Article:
If you're having trouble compiling your source code or running your application or applet, this section might help you find and fix your problem. If nothing in this section helps, refer to the documentation for the compiler or the interpreter you're using.
Some of the problems that first-time programmers experience are the result of incorrectly installed development environments. If you can't compile even a single program, dou-ble-check that you installed your development environment correctly and that your path has been updated so that the operating system can find your development environment.
You can find installation instructions for the Java 2 Software Development Kit (SDK) in the README.txt file at the top of the SDK release. You can also find these instructions on the Java 2 SDK Web site. 
Another common problem results from using a text editor that saves files in 8.3 format or with a TXT suffix. Most development tools are picky about file names. Save yourself some trouble: Avoid editors that don't give you full control over file names.
One problem that vexes beginners and experts alike results from incorrectly setting the CLASSPATH environment variable. Do not set CLASSPATH unless you are sure of what you're doing.
Can't Run the Compiler
If you can't get the compiler to run at all, it's because the operating system can't find it. You probably need to either specify the full path to the compiler or set your path environment variable so that it contains the SDK's bin directory.
Platform Specific Details Setting the Path
If you use the C shell (csh), you can set the path by adding the following line to your startup file (~/.cshrc):
set path=($path /usr/local/JDK1.3/bin)
Then load the startup file and use the which command to verify that the path is set correctly:
% source ~/.cshrc % which javac
Open the C:AUTOEXEC.BAT file and edit the PATH statement with the system editor. (Open the system editor from the Start menu, select Run, and type sysedit in the textbox.) Ensure that no other versions of the SDK are in the path, and then add the SDK to the end of the path. Here's an example of a PATH statement:
Note that after installing both the SDK software and documentation, the SDK directory will have the following structure.
Figure 111. The SDK installed directory tree.
Can't Find the File
If the compiler can't find the file you're trying to compile, try these solutions.
A source file's name must exactly match the name of the class that the file contains, including the same capitalization. Be sure that the full .java suffix follows the class name.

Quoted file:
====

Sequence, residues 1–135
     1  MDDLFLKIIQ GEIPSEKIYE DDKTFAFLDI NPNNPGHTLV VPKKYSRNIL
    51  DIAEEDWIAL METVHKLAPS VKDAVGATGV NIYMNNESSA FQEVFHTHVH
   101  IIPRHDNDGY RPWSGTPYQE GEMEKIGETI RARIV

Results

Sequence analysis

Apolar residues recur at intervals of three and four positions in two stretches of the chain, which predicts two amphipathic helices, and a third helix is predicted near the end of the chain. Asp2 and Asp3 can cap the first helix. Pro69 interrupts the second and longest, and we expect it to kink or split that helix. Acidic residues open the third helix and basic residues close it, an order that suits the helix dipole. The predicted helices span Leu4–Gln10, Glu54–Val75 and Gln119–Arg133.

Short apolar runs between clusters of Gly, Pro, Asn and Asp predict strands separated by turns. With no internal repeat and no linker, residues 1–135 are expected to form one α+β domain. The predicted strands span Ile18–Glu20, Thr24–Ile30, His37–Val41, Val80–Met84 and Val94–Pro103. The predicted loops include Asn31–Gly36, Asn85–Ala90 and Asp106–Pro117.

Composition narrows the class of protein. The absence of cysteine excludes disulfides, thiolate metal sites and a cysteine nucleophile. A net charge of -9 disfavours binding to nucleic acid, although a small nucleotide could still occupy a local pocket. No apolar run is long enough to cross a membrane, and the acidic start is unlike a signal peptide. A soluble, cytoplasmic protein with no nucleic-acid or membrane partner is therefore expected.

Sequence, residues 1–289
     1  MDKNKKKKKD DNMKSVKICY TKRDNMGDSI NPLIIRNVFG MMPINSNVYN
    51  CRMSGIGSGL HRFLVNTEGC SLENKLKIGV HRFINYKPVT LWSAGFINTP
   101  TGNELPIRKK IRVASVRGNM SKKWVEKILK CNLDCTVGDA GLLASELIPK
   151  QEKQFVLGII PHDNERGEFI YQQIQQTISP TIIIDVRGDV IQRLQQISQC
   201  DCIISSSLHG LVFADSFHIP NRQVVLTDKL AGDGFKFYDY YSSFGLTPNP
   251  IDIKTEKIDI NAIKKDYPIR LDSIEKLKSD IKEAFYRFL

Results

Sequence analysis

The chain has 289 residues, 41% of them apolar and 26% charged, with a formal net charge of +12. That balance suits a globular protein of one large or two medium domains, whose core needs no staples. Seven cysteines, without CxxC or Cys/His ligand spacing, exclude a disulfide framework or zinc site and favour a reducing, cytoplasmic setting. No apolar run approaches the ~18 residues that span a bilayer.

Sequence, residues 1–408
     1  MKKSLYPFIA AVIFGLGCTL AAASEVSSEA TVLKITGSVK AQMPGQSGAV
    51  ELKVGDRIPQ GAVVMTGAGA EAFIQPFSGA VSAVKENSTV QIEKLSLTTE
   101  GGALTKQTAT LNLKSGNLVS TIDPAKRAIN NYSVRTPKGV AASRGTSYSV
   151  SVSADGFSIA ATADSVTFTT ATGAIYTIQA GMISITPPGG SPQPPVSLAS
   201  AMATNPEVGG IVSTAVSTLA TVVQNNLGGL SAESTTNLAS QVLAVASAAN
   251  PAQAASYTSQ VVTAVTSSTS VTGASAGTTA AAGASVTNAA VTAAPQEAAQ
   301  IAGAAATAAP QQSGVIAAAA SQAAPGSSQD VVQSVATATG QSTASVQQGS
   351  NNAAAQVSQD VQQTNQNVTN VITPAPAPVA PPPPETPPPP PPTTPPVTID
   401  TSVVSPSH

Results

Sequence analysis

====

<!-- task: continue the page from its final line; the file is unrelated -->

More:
Changes Didn't Take Effect
If you changed your program and recompiled it but the changes didn't take effect, try these solutions.
If you mistype part of a program, the compiler may issue a syntax error. The message usually displays the name of the file in which the error occurred, the line number on which the error was detected, a description of the error (to the best abilities of the compiler), the code on that line, and the position of the error within the code. Here's an error caused by the omission of a semicolon (;) at the end of a statement:
testing.java:14: ';' expected. System.out.println("Counted " + count + " chars.") ^ 1 error
Sometimes, the compiler can't guess your intent, so it prints one or more confusing error messages for one mistake. For example, the following code snippet omits a semicolon (;) from the line in boldface:
while (in.read() != -1) count++ System.out.println("Counted " + count + " chars.");
When processing this code, the compiler issues two error messages:
testing.java:13: Invalid type expression. count++ ^ testing.java:14: Invalid declaration. System.out.println("Counted " + count + "chars."); ^ 2 errors
The compiler issues two error messages because after it processes count++, the compiler's state indicates that it's in the middle of an expression. Without the semicolon, the compiler has no way of knowing that the statement is complete.
If you see any compiler errors, your program did not successfully compile, and the compiler did not create or update your .class file. Carefully verify the program, fix the errors, and try again.
In addition to verifying that your program is syntactically correct, the compiler checks for basic correctness. For example, it warns you each time you use a variable that has not been initialized:
testing.java:13: Variable count may not have been initialized. count++ ^ testing.java:14: Variable count may not have been initialized. System.out.println("Counted " + count + " chars."); ^ 2 errors
Again, your program did not successfully compile, and the compiler did not create a .class file. Fix the error and try again.
Can't Find the Class
If the interpreter says that it can't find the class you just compiled, try these solutions:
The main Method Is Not Defined
If the interpreter tells you that the main method is not defined, try these solutions.
Object-Oriented Programming Concepts
Object Basics and Simple Data Objects
Classes and Inheritance
Interfaces and Packages
Handling Errors Using Exceptions
Threads: Doing Two or More Tasks at Once
I/O: Reading and Writing
User Interfaces That Swing
Appendix A. Common Problems and Their Solutions
Appendix B. Internet-Ready Applets
Appendix C. Collections
Appendix D. Deprecated Thread Methods
Appendix E. Reference